Blind 10 is accordingly supported in cantilever fashion directly adjacent the vertical tree trunk, essentially paralleling the trunk for an unobstructed view (and shooting, when the windows are opened) in all directions except through the back wall, which faces the tree trunk. Even then, rear wall 18 is provided with a full width window that in most cases will be wider than even large diameter tree trunks for a partial view and/or shooting field to either side of the trunk. If the blind is fastened to an exceptionally large tree trunk whose diameter is equal to or greater than the width of the rear window (a rarity in today's forests), the flat, squared relationship of the windowed wall to the rounded trunk, along with the spacing of the rear wall from the trunk due to the thickness of the cantilever support's anchor blocks, will provide at least some field of vision to either side of the trunk through the rear window.
It will be understood that the terms “horizontal”, “vertical”, and “parallel” used above in reference to the relationship of the cantilever support are used in a general and relative sense with respect to the tree and ground, since no tree is perfectly straight and vertical, and since the position of a given blind and its support will vary somewhat from one installation to another on different trees.
FIGS. 3 through 5 are top, rear, and bottom views of blind 10 and the section of the tree trunk to which it is fastened. The relationship of the rear wall 18 to the trunk 28 and the field of vision afforded through the rear window 18a are readily apparent (see FIG. 4). The cantilever support's anchor blocks 26c and 26d are shown in more detail in FIGS. 3 and 5, with wide, V-shaped tree-engaging faces 27 for a cradled, self-centering wedge fit against the trunk. In the illustrated embodiment, the anchor blocks are made from wood, providing non-damaging surfaces against the bark of the tree. In the illustrated embodiment the blocks are laminated with multiple layers of engineered lumber locked together into a block with framing members and nails, screws, clamping members and/or strong adhesive. Eyebolts 26f are secured deeply into the anchor blocks, with hooks or eyes on their protruding ends to receive the ends of chains, cables or straps that can be tensioned around the tree.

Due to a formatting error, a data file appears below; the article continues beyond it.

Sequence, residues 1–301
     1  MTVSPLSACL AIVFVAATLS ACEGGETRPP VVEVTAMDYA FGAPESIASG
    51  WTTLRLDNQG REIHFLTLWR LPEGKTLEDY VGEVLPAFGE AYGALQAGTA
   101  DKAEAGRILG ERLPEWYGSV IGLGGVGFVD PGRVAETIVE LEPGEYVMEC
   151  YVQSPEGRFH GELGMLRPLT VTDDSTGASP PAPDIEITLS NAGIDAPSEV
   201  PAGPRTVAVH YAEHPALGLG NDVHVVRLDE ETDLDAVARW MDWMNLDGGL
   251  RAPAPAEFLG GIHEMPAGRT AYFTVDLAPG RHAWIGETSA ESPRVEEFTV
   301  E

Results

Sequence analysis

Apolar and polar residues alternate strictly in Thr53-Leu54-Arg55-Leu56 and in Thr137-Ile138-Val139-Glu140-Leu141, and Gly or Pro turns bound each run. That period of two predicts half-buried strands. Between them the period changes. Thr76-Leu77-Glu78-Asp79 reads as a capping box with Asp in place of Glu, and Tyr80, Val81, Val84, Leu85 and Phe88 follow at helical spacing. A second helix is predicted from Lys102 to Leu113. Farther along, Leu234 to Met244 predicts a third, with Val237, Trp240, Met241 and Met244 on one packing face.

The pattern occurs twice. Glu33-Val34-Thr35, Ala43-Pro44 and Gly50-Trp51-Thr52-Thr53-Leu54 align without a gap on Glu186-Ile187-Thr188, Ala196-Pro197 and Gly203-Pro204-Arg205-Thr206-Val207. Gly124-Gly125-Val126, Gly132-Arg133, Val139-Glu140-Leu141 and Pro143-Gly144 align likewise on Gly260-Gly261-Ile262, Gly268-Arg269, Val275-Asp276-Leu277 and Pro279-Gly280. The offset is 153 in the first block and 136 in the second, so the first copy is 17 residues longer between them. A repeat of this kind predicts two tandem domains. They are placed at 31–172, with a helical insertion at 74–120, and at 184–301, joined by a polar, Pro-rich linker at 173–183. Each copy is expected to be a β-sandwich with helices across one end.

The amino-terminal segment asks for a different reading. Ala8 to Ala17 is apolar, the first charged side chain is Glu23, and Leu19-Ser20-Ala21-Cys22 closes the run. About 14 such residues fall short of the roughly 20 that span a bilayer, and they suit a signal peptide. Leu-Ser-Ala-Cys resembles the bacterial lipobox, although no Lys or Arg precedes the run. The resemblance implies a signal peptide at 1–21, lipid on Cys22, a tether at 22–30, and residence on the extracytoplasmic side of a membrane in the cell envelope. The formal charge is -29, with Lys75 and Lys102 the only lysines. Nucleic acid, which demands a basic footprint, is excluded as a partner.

In the illustrated example, upper and lower anchor blocks 26c and 26d are identical. The wide and relatively shallow nature of the V-shaped anchor block faces 27, and their rigid vertical spacing on the trunk in a two-point tensioned connection, securely centers and locks the cantilevered mounting structure 26 (and blind 10) both vertically and laterally to the side of the tree. It will be understood that the angle and size of the V-shaped tree-engaging faces of the blocks could differ, but identical blocks have been found sufficient.
FIG. 6 illustrates an alternate tree-mounted blind 100 according to the invention, similar to blind 10 in FIGS. 1 through 5 but hexagonal in shape. Like blind 10 it is fully enclosed by its six walls 112, 113, 114, 115, 116, 118 and corresponding windows 112a, 113a, etc.; its floor 120; and its roof 122. The door 124 is the same as in blind 10, as are cantilever mount structure 26 and ladder 30. The hexagonal shape is not only aesthetically pleasing in the visual context of the vertical, generally cylindrical tree, but offers a more finely gradated viewing and shooting field from the interior of the blind, better rear angle views around the tree trunk, and produces a smaller diameter and lighter blind for relatively the same interior comfort and usable space. The hexagonal shape also sheds wind better than a square-sided blind.
The hexagonal blind 100 of FIG. 6 is only one of many possible shapes that can be used for the enclosed blind structure, including but not limited to rectangles, octagons, and even cylinders. It is preferred, however, that the shape chosen have a flat rear wall facing the tree and a flat front wall for a door and ladder opposite the cantilever support on the tree trunk.